Republicans fear President Obama will indiscriminately bomb Libya and kill innocent people in order to rally support for his re-election. G.O.P. candidates have faced October surprises in the past and do not trust a Chicago machine politician. An October surprise is an event designed to influence the election at the last minute. Over the last 50 years, there have been five such events. Interestingly, only one succeeded whereas the other four had no impact or did not defeat its target.
The first modern October surprise occurred in 1968. President Lyndon Johnson hoped to sway the election for the Democratic nominee Hubert Humphrey. As a result, he halted American bombing runs over North Vietnam and announced intensified peace talks. After the October 30 declaration, Humphrey sprinted to a three point lead in the polls after the announcement, but Nixon won the election.
The North Vietnamese did not negotiate in good faith until Nixon’s re-election seemed assured. In 1972, Henry Kissinger announced “peace is at hand.” The October 26 announcement infuriated Nixon, who wanted the information kept secret until he could be sure North Vietnam was serious. The announcement probably had little impact on the election. Nixon topped 60% of the vote and easily defeated George McGovern.
Bill Clinton did not serve in the Vietnam War. This fact hurt his 1992 campaign for the presidency. Polls remained tight going into the final weekend when the Iran Contra Special Counsel Lawrence Walsh broke with tradition and indicted several Reagan era officials. Walsh despised President Bush and clearly wanted to influence the election otherwise he would have waited a week. Whether or not the indictments cost Bush re-election is an open question. However, the polls were tied prior to the announcement.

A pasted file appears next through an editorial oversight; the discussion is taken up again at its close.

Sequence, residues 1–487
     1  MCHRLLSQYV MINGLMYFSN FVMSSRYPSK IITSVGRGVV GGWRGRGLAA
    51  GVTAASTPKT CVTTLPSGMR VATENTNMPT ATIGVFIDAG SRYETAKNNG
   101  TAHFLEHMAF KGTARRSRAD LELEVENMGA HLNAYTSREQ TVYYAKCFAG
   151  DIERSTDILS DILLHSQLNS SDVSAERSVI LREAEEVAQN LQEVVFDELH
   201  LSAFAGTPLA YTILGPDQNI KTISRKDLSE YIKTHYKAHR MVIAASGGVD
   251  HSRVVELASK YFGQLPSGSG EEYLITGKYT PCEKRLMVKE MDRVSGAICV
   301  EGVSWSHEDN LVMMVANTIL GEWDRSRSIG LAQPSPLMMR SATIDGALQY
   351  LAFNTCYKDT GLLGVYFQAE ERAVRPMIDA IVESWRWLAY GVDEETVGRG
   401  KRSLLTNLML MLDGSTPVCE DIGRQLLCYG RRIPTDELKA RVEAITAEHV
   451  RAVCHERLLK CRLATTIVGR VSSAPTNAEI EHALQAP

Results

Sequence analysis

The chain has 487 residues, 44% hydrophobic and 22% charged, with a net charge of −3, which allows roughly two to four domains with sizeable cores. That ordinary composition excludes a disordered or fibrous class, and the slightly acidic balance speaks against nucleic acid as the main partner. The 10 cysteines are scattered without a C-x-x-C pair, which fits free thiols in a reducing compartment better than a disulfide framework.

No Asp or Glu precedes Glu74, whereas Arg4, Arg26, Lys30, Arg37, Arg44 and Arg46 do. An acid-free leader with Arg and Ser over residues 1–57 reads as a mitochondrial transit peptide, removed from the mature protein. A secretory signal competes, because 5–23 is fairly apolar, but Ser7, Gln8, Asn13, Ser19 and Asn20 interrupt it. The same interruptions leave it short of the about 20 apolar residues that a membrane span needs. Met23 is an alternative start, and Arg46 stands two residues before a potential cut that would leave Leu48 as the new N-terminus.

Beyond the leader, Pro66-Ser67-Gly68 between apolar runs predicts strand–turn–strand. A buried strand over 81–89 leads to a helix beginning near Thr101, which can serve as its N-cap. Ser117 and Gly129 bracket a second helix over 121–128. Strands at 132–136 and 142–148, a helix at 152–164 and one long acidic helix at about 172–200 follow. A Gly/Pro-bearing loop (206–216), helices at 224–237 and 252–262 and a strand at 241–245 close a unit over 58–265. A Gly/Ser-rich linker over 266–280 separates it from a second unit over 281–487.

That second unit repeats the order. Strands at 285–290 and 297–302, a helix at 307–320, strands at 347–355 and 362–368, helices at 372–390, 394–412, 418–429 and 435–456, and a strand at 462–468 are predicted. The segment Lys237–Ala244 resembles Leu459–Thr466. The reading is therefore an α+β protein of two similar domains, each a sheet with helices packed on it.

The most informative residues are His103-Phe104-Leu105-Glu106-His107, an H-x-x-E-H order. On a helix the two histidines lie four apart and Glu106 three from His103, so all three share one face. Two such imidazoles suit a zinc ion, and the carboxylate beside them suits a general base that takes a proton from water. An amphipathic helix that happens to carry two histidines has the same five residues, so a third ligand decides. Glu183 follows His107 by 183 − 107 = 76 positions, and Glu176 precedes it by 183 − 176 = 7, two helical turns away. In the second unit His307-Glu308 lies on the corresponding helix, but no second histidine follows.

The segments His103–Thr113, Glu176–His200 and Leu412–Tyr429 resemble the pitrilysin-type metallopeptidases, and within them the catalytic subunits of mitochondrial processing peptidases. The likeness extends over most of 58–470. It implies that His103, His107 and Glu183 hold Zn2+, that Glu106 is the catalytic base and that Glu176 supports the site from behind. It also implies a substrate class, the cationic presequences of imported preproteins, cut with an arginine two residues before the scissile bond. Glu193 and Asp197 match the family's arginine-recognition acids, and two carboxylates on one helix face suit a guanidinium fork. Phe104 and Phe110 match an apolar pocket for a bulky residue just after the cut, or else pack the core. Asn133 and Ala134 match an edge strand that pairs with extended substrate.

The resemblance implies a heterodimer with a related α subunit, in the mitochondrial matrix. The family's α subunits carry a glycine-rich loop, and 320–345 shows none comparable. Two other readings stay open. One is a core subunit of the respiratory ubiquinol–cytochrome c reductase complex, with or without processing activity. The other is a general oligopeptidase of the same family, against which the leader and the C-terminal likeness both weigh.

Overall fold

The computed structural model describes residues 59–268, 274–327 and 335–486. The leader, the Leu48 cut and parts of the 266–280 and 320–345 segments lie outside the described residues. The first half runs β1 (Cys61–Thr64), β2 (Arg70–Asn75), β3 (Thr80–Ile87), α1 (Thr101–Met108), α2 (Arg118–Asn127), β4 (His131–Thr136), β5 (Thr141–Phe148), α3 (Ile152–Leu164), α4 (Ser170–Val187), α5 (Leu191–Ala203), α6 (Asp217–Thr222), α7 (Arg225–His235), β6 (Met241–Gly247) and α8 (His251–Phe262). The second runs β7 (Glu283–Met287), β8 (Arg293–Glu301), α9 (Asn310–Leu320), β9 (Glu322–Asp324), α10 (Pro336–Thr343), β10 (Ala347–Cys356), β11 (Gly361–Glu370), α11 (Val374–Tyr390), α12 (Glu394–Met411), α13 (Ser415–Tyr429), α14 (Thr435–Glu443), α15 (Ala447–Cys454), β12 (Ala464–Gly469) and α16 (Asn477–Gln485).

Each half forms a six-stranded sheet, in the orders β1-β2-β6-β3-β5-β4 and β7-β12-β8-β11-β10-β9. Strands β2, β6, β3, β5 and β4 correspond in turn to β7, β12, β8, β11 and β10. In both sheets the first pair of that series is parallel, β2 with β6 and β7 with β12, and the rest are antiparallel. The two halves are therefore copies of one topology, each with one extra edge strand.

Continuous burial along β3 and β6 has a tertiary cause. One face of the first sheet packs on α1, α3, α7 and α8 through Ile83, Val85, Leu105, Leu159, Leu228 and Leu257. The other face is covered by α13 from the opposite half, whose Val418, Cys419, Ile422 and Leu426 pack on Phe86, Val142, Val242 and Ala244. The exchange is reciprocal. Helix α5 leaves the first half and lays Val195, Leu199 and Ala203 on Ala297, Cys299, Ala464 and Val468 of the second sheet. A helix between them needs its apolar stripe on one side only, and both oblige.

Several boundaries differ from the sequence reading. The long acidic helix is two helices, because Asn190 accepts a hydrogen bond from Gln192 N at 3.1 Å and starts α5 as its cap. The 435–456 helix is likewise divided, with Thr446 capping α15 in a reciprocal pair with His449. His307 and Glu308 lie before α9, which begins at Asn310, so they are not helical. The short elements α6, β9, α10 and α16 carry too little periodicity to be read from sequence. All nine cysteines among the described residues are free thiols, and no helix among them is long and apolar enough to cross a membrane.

Eight years later, Bush’s son, George W Bush, looked like he was about to cruise to victory over Vice President Al Gore. A few days before the election, the Democrats released information about a 1976 drunken driving arrest. Bush confirmed the incident shortly thereafter. The announcement cost Governor Bush about five points in the polls and led to the Florida election controversy.
Despite the DUI arrest, Bush won the 2000 election. Four years later, the Democrats tried again. On October 27, the Kerry campaign accused Bush of mismanaging the Iraq War after the pro-Kerry New York Times announced missing weapons caches in Iraq. However, the paper got the story wrong and the damage dissipated. It was the second time in the election the media invented a story about Bush. The president won re-election.
Presidential electoral history should have both sides concerned about the October Surprise. On five occasions, late breaking news appeared to influence public opinion. Republicans fear Obama will bomb Libya. Democrats worry that Republicans will reveal the president’s former drug dealer. Even if there is no surprise in 2012, unexpected revelations will probably continue to pop up in close elections.